Of Motive and Movember

Last updated on May 18th, 2021 at 12:10 pm

Jim Sullivan, special guest speaker, sharing his story of surviving prostate cancer
Jim Sullivan, special guest speaker, sharing his story of surviving prostate cancer.

What’s the difference between a good person and the ones to be wary of? Or a good and an evil action? What helps us to draw the line between right and wrong in anything we do?

Reasoning. Intent. Motive.

Motive. Motive makes all the difference. It defines the things we do for personal gain versus those we do for people simply because we care about them. It’s why we look down on the common thief yet admire Robin Hood. Motive defines how we are perceived, always working in the background behind every decision we make.

So Is It WRONG To Be Selfish???

From L-R, @AmandaBlake9, myself with the GOTSTYLE prize pack, @michaelkim, @fastdrvr
We can all be a little selfish sometimes—as seen from my notoriety for winning stuff…

Yesterday we took a look at selfishness. When I brought forth the idea that selflessness is completely possible, I got some interesting counter-points, like:

“There’s no such thing as true selflessness. The act of giving or pursuit to assist others is in and of itself a means of self indulgence.”

Justin Baisden

“Being selfish is an important part of our own survival. If we don’t always consider ourselves first, the probability of our own survival declines immensely. I don’t even know that it’s a bad thing. Our social conditioning throughout the ages is that the strong survive. “

Zach Bussey

“Yes, people derive satisfaction from doing things that benefit others. But I think in many (if not most cases) we would do something “selfless” because we genuinely want to see someone else benefit/prosper/succeed.”

Erik Kingissepp

Summarizing:

  • everyone’s a bit selfish—so what?
  • we need selfishness to survive
  • selfishness isn’t the root of the problem; the real problem is when our self-interests don’t align with the interests of the greater population

I’d agree with Erik, though, and would argue that motive is the key difference between selfishness and self-interest.

My reasons for being at The Big Give definitely started out as selfish—my notorious luck in full swing, friends had already told me that I’d be going home with a ridiculous amount of swag on top of whatever else I happened to win. To me, attending wasn’t even an option. But there’s a blurry line between our selfishness simply adding to our lives… and that selfishness negatively affecting the lives of others. It’s fine to do something for your sake alone now and then, but too much of it will make you unpleasant company to just about anybody.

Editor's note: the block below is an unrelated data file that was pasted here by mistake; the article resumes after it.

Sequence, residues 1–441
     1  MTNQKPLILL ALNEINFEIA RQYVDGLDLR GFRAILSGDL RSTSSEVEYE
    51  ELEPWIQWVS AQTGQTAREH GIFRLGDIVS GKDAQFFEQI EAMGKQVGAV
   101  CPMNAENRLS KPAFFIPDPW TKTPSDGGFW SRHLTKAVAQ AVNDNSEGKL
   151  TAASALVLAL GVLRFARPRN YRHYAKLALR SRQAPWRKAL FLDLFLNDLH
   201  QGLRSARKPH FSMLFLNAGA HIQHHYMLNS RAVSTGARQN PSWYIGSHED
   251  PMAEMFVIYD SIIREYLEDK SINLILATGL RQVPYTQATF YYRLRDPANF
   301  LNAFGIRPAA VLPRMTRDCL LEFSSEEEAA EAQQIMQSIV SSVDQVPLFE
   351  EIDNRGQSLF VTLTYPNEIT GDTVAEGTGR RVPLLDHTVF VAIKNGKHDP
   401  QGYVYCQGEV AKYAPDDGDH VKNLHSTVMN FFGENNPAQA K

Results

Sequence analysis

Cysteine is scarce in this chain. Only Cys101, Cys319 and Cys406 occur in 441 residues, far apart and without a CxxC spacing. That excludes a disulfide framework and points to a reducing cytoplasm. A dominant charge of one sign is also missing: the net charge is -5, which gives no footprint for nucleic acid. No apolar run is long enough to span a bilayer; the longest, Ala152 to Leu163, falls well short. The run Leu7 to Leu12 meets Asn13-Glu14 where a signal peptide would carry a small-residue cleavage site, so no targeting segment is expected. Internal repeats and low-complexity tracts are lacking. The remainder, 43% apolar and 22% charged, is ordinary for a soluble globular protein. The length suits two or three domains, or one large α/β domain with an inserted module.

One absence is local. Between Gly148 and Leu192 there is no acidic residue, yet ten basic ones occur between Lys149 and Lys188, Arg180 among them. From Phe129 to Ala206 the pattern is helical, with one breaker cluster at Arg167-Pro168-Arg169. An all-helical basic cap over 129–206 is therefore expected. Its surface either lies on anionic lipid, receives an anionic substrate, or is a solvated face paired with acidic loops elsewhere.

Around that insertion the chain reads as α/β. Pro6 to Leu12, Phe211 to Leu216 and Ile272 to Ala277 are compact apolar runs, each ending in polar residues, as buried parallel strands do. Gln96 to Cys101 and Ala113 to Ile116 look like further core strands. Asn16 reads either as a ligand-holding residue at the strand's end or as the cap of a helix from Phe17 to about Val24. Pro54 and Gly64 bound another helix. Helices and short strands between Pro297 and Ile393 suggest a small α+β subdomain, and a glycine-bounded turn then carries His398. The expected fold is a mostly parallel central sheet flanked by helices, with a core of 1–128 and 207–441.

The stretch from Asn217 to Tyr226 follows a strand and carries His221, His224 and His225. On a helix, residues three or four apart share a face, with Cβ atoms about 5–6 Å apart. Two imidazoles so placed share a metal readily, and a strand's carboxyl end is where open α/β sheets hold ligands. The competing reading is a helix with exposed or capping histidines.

With that said, the very next day, it was time to change the tune. Amanda Blake, a friend of mine, was throwing one of her After Work Drinks Toronto (#AWDTO) events, where she’d asked me to attend as the official photographer. And because I like Amanda and the great person that she is, I said yes. But why else?

The Song of the Selfish

Last updated on May 17th, 2021 at 10:37 pm

As we get closer to the Christmas season and I continue to reflect on what I learned in November, I find myself asking a question:

Are all people ultimately only acting in their own interests? Is it human nature to be selfish?

While I definitely agree that there’s a ton of evidence that people can be selfish, my stance is that there are plenty of people yet who are selfless and just want to make the world around them a little better than it was when they first entered it.

The Big Give, aka, The Naughty List

I’m not much of a “party guy”—hard to believe, I know—I’m more into one-on-one interactions and small group settings where we can all enjoy each other’s company. Even at large events, I’m way more at ease when I have a solid group of friends around me.

When the music’s blaring, bodies are gyrating and the crowd looking glam, I’ll keep up with the best of ’em, but it’s not my scene.

So enter: The Big Give.

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